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Nike takes over the NBA – A look at the History of NBA Jerseys

KICKZ is currently on a field trip in the US, because Nike has just launched their all new NBA jersey collection for the upcoming season in Los Angeles, California. And by “all new”, I literally mean all new. They have totally refurbished the NBA jersey as we know it, using new materials, applying new cuts and creating new designs for a whole bunch of teams. But before diving deeper into the matter, let’s take a look at the long history of NBA jerseys…


Back in the days, things used to be so simple. This does not apply to basketball jerseys though. Take a look at these beauties the St. Louis Bombers wore in 1947 for example. What are those?! Satin short shorts with belts around the waist, contrasting the jersey, a simple white T-shirt with the team’s name across the chest. This outfit would be a major fashion statement nowadays!

This design remained popular throughout the 1950s however, and the belt, as odd as that may seem today, was a regular feature of professional basketball jerseys. Local vendors manufactured each NBA team’s uniforms. Starting in that decade and continuing into the 1960s, the jerseys have transformed into what we’ve grown accustomed to today. Basketball jerseys became sleeveless. In the beginning, these jerseys looked like simple tank tops and that’s also what they were. Performance fabrics had yet to be developed and polyester was the state of the art material. The awkward belts were replaced with elastic waist bands during that time and the overall look of basketball uniforms started to develop into the style we know today. Thank goodness!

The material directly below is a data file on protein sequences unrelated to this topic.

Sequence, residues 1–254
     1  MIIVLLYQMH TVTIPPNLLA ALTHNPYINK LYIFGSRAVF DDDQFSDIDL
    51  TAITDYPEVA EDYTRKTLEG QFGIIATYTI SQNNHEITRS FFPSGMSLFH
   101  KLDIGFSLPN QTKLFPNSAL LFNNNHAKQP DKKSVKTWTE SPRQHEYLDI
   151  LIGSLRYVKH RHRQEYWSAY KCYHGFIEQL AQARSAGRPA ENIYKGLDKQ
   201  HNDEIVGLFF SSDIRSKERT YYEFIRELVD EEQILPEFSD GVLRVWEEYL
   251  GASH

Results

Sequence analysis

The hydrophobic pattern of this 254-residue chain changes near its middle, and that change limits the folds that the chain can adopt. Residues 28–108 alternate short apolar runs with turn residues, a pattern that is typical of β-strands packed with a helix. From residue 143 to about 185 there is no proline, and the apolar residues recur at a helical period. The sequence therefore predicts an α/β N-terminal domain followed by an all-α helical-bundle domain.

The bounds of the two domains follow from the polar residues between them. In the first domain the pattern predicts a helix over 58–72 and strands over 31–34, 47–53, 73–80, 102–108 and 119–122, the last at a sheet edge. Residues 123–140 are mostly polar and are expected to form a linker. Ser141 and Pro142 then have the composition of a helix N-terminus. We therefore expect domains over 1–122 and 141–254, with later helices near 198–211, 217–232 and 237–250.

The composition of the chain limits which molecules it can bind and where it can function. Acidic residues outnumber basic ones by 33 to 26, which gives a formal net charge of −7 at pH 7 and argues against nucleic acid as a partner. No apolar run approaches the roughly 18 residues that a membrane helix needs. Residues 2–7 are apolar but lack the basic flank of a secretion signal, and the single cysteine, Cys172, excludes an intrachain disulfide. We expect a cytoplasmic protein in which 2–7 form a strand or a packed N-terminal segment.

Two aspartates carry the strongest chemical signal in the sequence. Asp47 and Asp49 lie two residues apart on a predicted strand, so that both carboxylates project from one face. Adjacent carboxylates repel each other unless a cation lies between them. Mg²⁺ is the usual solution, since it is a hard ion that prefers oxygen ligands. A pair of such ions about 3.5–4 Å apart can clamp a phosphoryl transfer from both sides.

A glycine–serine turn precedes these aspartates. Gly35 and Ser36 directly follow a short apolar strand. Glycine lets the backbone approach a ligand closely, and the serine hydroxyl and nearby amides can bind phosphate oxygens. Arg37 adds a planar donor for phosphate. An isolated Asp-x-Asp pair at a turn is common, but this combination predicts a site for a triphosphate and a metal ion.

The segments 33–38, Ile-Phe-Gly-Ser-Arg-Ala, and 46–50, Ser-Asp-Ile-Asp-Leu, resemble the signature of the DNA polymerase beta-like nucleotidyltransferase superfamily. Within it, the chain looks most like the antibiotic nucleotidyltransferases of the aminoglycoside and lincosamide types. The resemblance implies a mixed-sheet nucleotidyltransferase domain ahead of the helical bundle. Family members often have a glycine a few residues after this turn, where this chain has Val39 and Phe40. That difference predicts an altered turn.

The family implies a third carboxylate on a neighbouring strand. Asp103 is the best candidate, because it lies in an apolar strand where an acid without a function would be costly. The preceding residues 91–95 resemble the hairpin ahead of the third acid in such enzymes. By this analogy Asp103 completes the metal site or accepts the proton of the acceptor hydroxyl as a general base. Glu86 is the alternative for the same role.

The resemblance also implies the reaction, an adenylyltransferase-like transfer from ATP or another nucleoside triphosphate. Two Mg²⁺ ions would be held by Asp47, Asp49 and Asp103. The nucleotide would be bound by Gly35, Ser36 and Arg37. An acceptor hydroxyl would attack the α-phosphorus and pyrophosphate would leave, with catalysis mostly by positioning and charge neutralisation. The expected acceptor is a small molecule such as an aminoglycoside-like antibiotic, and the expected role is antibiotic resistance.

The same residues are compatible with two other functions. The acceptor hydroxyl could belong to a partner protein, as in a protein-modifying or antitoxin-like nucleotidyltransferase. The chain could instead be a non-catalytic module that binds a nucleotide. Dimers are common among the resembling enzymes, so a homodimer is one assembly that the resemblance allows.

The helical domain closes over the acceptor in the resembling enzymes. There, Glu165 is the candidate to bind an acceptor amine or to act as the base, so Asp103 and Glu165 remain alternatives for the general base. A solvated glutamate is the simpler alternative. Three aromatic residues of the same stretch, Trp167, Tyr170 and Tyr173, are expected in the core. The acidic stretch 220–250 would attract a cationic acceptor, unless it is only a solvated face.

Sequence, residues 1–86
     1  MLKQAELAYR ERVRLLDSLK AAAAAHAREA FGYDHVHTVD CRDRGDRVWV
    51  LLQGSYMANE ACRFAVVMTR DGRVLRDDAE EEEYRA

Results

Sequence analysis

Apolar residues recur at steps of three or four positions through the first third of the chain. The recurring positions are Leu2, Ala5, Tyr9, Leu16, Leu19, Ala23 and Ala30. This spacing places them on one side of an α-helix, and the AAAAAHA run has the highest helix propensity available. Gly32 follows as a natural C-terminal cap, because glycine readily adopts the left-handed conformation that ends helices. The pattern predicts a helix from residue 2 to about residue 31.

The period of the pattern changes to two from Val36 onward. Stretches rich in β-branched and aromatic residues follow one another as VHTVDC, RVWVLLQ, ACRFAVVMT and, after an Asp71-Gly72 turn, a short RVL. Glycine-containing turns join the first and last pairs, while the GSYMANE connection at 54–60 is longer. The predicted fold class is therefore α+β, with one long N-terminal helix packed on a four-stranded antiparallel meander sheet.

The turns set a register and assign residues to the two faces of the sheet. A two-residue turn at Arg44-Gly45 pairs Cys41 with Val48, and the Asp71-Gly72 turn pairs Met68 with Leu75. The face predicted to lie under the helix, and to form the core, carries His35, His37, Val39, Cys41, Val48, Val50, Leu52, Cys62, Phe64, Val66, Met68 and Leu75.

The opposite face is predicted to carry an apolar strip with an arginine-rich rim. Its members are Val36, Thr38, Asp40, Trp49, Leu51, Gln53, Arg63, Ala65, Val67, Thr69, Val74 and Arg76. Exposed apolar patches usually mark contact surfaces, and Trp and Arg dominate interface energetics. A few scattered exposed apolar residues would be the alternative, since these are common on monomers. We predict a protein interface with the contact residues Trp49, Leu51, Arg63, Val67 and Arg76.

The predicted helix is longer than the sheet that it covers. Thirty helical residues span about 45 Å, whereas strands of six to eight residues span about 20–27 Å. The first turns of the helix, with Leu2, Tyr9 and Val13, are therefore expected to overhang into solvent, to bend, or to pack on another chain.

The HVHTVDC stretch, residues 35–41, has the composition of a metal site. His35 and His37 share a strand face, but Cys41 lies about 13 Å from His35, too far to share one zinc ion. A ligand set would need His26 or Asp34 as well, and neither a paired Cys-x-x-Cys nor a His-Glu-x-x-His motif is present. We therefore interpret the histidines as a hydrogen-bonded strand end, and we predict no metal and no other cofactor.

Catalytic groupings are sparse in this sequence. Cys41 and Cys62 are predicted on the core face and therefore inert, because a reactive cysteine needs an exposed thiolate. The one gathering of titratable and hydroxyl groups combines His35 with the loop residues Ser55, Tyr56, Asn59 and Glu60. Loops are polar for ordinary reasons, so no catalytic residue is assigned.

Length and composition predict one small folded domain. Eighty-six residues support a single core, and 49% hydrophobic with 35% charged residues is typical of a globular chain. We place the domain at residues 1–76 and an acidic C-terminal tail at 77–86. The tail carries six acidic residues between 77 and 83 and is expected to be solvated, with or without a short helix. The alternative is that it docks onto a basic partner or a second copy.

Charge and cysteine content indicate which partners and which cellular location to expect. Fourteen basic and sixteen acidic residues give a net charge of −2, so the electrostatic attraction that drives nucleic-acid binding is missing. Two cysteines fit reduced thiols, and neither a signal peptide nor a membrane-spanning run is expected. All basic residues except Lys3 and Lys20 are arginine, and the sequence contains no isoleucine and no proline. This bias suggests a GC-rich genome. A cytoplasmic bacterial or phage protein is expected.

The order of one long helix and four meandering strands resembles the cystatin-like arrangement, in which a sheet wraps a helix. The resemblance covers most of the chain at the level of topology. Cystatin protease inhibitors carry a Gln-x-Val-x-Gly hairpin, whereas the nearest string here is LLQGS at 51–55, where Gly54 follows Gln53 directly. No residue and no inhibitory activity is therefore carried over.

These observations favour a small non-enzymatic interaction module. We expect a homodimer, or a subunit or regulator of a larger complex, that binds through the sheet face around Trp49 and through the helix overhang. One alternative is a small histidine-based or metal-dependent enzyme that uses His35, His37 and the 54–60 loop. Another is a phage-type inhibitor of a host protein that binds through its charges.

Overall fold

1960s – 1970s

In the 1960s, teams began adding players’ names to jerseys and using a common vendor to produce uniforms, guaranteeing a more consistent look. This marks an important step in the evolution of NBA jerseys, as the marketability of players is an integral part of todays game. Concerning functionality however, it took another 20 years until the jersey reached the next level. The early 1980s saw a major leap in the technology of NBA jerseys. MacGregor Sand-Knit became the exclusive outfitter during this period, introducing a new cotton/polyester blend, which allowed for better moisture management and the phasing out of non-breathable satin shorts. Manufacturers introduced an open-holed uniform material to allow for breathability. Players during this period were offered only standard sizes.